After discussing these initial sketches, I switch to Sketch on my computer, in order to flesh out the ideas explored in the whiteboard sketches. Note that the first of these greatly resembles whiteboard sketch 4 (bottom right), but also explores the possibility of a double drive-thru, something that is becoming increasingly prevalent:

Early color mockup

Note that a difference between this mockup and the final version is the timing graph, which underwent several iterations. In this case, we decided that this line graph visualization would be too complex for quick viewing.

Designing the Daily Performance Graph

Based on the answer given in the interview, in additional to visualizing the status of the drive-thru, it was also vitally important that the system convey the average speed of service performance for the given day. In addition, I was informed that restaurants were often graded based on performance for predetermined timespans during a day, such as “breakfast” or “lunch”.

I eventually settled on the idea of “average vs. goal”: how am I currently doing, vs how does corporate want me to do? However, I believed that simply showing times would quickly convey the difference between the numbers. As such, I started sketching out concepts for a comparison chart. This led to a single bar showing the current average time, with a line indicating the goal. This is intended for users to allow viewers to quickly understand how well they are currently doing.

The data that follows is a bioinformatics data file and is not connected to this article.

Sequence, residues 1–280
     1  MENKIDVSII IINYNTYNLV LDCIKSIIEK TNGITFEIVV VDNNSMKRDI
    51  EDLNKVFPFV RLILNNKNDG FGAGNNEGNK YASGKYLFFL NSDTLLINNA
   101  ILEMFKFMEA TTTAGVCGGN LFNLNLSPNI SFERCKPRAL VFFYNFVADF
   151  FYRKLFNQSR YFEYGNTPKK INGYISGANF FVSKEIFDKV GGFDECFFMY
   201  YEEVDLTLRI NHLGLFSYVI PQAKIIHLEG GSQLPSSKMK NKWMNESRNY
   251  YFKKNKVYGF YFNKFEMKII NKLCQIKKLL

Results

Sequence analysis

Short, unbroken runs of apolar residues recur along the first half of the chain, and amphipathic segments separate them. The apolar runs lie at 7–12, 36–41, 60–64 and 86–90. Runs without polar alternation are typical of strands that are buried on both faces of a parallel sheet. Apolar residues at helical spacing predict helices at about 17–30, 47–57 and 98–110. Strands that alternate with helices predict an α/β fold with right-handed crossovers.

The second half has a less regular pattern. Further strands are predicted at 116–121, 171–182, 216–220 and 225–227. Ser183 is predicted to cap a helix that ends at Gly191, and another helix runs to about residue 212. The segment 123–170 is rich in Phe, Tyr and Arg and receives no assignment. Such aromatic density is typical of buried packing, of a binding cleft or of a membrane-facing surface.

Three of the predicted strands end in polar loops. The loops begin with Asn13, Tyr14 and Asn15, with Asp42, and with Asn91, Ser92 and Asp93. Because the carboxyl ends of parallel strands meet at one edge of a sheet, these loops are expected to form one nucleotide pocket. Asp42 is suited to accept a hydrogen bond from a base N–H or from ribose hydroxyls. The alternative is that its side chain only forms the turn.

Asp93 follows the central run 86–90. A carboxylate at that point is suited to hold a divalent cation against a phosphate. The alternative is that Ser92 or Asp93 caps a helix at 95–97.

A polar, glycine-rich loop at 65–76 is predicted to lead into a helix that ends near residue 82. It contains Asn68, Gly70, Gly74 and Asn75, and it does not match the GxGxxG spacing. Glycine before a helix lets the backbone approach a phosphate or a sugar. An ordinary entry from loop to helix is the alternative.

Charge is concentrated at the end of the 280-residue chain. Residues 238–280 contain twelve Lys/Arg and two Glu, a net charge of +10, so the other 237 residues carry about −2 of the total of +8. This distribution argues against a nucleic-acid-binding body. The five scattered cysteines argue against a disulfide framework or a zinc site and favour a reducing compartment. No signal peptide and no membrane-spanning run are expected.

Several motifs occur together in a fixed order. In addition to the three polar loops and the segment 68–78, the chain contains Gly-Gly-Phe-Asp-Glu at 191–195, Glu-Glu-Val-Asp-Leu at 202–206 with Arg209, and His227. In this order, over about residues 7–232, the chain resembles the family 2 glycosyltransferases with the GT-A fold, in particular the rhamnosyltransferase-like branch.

Several early sketches of the daily performance graph
Several early sketches of the daily performance graph
Initial color sketch of a performance graph
An initial color sketch of a performance graph
Final appearance of the performance graph
Final appearance of the performance graph

Visual Direction

Initial sketches settled on the top-down view early, but used fairly abstract representations of cars. However, I created the following visual direction exploration, which the team preferred over the original direction:

Another early drawing of the drive-thru system

As such, I worked to play up the video-game inspired visuals, including a real-time day/night cycle, and drive-thru layouts using based on aerial views of actual drive-thrus:

Four different possible drive-thru layouts, at different times of day

However, these visuals would be highly reliant on motion. To illustrate this motion, I created an animated mockup using CSS animation, SVG, and HTML.


The prototypes and mockups were demonstrated at a convention for QSR vendors, and the reaction from attendees was quite positive. As such, the designs that I had delivered were handed off to a separate team and eventually developed into a real product which was deployed by a major restaurant chain at over 8,000 locations throughout the United States. Results have been sufficiently positive; I have been told that operators who manage multiple restaurant brands now want the product in their other brands as well!